Thursday, September 3, 2009

Must I Pay Unlicensed H-1B Workers?

A client of mine recently asked me an interesting question. This client recruits Physical Therapists, although the lesson applies to all licensed occupations. They are getting ready for their H-1B hires to enter the US in October. But they have a question about when they need to pay these workers, many of whom have not yet received their licenses.

First a little background. The National Physical Therapy Exam (NPTE) is not offered overseas. Accordingly, all PTs must enter the US in order to sit for the licensing exam. The USCIS often approves unlicensed PTs for H-1B visa status, and there is ample Guidance to support these decisions.

My client’s approved PTs must then come into the US, sit for the NPTE, and then obtain their state license. Once they obtain the state license, they can begin their PT work.

The problem is that this plan bumps up against the Department of Labor’s rules on salaries to H-1B workers. 20 CFR 731(c)(6) and (7) say that H-1B workers must be paid their salaries within 30 days of entering the US. This may be problematic because it is rare that the worker enters the US, sits for the exam, and is granted the license in just 30 days.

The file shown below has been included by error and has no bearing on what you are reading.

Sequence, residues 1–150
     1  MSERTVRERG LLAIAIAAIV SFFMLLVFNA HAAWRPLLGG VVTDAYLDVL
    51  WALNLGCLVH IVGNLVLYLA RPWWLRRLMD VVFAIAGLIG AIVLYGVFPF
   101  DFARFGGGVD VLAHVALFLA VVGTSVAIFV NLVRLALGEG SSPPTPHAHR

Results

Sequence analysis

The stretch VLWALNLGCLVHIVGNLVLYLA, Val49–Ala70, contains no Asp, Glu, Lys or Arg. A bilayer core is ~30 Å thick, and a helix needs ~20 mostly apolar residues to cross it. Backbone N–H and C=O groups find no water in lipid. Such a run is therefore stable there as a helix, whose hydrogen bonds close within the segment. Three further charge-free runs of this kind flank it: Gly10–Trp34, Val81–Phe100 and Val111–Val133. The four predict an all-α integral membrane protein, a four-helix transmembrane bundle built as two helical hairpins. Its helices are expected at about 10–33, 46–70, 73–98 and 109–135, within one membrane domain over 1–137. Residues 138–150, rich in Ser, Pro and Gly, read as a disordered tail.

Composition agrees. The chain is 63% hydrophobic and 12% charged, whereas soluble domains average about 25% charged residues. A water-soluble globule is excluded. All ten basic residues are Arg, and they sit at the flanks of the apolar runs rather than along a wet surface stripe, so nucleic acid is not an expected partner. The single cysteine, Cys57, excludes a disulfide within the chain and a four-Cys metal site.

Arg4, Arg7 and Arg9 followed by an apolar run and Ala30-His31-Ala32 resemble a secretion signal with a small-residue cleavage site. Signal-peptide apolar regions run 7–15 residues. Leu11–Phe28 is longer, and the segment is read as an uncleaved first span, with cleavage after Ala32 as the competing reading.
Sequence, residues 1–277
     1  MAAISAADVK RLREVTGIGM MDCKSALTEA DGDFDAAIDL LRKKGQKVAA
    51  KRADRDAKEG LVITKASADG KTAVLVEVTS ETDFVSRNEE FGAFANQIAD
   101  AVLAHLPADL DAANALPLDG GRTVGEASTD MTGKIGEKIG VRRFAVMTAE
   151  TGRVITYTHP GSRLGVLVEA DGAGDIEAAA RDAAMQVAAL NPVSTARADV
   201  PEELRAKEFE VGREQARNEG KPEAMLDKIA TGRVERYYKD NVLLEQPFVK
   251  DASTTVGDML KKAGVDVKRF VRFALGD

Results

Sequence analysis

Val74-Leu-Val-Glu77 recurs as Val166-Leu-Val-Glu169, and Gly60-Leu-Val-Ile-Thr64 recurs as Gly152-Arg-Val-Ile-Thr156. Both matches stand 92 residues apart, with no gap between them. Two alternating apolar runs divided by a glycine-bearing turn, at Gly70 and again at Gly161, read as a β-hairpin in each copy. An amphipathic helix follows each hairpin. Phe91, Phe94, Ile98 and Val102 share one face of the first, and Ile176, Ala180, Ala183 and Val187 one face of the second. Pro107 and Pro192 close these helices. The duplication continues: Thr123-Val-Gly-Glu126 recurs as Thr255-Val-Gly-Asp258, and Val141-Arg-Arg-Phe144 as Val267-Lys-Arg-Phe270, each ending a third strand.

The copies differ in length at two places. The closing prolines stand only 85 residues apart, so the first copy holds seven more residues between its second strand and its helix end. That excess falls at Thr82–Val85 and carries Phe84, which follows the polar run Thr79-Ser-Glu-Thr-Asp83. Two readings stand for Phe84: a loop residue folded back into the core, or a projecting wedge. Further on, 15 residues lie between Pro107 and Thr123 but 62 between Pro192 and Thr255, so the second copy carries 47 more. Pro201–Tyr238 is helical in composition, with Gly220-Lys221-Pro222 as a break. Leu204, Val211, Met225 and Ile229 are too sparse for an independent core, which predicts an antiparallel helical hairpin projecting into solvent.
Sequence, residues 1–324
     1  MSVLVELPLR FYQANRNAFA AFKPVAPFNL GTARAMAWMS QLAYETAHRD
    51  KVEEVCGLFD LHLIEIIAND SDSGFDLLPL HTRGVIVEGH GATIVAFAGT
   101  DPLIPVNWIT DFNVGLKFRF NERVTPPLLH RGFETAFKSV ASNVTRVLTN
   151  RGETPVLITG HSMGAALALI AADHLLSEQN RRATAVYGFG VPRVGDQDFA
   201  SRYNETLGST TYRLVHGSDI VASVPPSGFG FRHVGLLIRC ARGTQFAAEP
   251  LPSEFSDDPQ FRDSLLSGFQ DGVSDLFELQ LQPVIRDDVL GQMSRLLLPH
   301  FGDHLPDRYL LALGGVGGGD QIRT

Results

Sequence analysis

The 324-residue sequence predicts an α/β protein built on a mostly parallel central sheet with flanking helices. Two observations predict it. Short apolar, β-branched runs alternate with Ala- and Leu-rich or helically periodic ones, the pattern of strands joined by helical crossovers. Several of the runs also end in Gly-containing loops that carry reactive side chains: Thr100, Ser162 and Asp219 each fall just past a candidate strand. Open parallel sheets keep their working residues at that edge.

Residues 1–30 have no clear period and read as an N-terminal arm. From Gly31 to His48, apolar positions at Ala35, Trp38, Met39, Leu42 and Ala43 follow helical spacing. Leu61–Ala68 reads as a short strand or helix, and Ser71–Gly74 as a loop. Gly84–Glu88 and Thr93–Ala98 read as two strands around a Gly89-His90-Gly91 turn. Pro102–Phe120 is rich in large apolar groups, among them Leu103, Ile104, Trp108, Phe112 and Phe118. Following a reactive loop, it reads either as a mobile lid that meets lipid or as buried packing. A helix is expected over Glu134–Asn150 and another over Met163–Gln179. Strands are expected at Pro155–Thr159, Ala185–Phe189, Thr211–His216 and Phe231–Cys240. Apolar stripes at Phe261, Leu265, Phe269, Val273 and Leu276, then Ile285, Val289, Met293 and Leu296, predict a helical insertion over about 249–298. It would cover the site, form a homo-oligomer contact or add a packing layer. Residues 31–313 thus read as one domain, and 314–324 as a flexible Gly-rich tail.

Subsections (c)(6) and (7) also says that worker must be paid once s/he “enters into employment,” which includes “reporting for orientation” and “studying for licensing examinations”.

There are a few solutions to this dilemma, although none of them are ideal from the employer or employee’s perspective (my experience is that the H-1B workers would be willing to sacrifice all or some of their pay while waiting for the results of their licensing exam):

One solution that is in compliance with (6) and (7) is to make sure that the PT is fully ready to take the licensing exam when the PT enters the US so that you can use the full 30 day period before entering the employee into employment. If at all possible, training, and orientation should be done outside the US.

Another solution is to bring the H-1B worker into the US to take the licensing exam, and then immediately cycled back out of the US while waiting for the remainder of the licensing process. H-1B workers who aren’t in the US aren’t subject to (6) and (7).

A last strategy is initially to file the workers for part-time or hourly H-1B status. This doesn’t obviate the need to pay the wages, but can reduce the salary obligation.

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